Geologists raise the speed limit for how fast continental crust can form
Although we can't see it in action, the Earth is constantly churning out new land. This takes place at subduction zones, where tectonic plates crush against each other and in the process plow up chains of volcanos that magma can rise through. Some of this magma does not spew out, but instead mixes and morphs just below the surface. It then crystallizes as new continental crust, in the form of a mountain range.
Scientists have thought that the Earth's mountain ranges are formed through this process over many millions of years. But MIT geologists have now found that the planet can generate new land far more quickly than previously thought.
In a paper published in the journal Geology, the team shows that parts of the Sierra Nevada mountain range in California rose up surprisingly fast, over a period of just 1.39 million years—more than twice as fast as expected for the region. The researchers attribute the rapid formation of land to a massive flare-up of magma.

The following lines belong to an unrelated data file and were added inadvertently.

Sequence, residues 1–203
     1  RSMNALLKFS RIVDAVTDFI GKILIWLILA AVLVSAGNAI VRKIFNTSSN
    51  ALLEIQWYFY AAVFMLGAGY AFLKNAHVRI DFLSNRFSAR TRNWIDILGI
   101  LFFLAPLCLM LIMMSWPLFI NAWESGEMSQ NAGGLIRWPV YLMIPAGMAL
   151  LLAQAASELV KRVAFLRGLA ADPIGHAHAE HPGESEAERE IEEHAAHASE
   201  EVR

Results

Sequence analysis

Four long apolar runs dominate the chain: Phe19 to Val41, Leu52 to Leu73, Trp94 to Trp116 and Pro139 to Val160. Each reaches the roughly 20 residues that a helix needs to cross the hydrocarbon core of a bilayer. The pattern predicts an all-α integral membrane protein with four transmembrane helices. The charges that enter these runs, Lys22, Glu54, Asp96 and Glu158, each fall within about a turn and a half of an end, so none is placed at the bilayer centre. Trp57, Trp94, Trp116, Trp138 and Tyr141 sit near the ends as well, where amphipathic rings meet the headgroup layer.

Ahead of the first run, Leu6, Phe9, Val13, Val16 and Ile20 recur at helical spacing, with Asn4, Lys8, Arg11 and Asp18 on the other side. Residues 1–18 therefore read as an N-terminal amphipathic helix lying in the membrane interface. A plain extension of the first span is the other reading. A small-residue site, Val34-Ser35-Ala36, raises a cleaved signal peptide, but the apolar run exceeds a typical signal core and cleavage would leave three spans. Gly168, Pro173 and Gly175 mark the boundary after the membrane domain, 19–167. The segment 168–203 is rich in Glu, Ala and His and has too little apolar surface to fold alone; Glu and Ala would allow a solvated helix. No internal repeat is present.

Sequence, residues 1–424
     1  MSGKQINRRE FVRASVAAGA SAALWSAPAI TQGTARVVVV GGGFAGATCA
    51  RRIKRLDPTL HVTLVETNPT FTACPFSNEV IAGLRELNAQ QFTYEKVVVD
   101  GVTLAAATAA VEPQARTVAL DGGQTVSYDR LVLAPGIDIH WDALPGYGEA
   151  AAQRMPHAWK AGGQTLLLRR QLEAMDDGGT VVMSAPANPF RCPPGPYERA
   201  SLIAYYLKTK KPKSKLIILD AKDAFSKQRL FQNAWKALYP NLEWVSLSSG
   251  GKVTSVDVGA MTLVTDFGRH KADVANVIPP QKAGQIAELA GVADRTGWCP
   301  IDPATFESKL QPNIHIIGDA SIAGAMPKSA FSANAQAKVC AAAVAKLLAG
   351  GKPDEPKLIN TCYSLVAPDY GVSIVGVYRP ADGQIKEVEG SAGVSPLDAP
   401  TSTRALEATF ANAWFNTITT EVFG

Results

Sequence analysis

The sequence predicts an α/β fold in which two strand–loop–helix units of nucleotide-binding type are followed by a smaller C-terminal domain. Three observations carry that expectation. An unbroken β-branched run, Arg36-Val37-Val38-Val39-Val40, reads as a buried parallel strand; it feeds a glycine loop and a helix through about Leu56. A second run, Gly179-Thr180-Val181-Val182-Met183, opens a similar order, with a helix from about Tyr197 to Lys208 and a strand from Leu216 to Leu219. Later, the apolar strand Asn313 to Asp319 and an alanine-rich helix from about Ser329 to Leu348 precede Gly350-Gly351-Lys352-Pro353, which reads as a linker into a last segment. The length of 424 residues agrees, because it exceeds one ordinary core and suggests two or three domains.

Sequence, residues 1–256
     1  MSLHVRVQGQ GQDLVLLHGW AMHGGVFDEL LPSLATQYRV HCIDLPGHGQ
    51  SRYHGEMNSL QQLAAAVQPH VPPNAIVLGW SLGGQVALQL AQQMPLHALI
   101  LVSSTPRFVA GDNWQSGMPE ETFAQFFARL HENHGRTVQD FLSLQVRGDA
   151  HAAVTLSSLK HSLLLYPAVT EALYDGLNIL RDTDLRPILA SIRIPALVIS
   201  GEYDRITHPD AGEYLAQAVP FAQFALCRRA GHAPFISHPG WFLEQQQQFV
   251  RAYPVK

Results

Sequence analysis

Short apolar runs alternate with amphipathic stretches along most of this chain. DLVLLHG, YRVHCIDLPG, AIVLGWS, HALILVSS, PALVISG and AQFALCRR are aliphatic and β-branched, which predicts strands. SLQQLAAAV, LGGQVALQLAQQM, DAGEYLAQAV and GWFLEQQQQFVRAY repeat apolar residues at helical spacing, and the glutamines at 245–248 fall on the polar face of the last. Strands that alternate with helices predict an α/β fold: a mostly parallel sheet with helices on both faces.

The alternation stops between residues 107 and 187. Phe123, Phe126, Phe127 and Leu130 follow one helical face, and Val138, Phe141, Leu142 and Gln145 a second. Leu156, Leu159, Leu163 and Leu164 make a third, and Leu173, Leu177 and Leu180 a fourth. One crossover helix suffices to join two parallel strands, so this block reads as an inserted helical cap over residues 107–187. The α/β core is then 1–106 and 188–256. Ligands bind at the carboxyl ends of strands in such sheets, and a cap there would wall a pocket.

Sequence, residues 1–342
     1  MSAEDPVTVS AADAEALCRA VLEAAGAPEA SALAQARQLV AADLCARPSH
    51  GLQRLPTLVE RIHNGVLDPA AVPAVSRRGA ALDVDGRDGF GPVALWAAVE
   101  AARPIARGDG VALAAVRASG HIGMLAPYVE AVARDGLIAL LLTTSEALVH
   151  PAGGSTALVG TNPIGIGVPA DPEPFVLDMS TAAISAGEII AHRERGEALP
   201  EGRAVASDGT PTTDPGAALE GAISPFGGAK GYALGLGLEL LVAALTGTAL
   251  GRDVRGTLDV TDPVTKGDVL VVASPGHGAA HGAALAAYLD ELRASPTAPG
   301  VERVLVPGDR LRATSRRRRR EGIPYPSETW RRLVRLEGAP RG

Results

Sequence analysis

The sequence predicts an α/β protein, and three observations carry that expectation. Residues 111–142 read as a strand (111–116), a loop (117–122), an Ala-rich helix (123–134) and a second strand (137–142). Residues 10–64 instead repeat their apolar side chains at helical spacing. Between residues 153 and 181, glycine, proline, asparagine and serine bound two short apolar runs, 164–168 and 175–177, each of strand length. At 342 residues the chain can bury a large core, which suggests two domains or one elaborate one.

"The really exciting thing about our findings is, with new high-precision geochronology, we were able to date how quickly that crust-building process happened, and we showed that this large volume of new crust was emplaced at an extremely rapid rate," says the study's lead author Benjamin Klein Ph.D. '19, who carried out the research as a graduate student in MIT's Department of Earth, Atmospheric and Planetary Sciences (EAPS). "It was sort of an instant. It was a little over 1 million years, but in geologic times, it was super fast."
Klein's co-authors are Associate Professor Oliver Jagoutz and Research Scientist Jahandar Ramezani, both in EAPS.
A complete cross-section
The Sierra Nevada mountain range is a product of the collision of two tectonic plates: the westward-moving North American Plate and what at the time was the Farallon Plate, which ground slowly under the North American Plate, eventually sliding entirely into the Earth's mantle.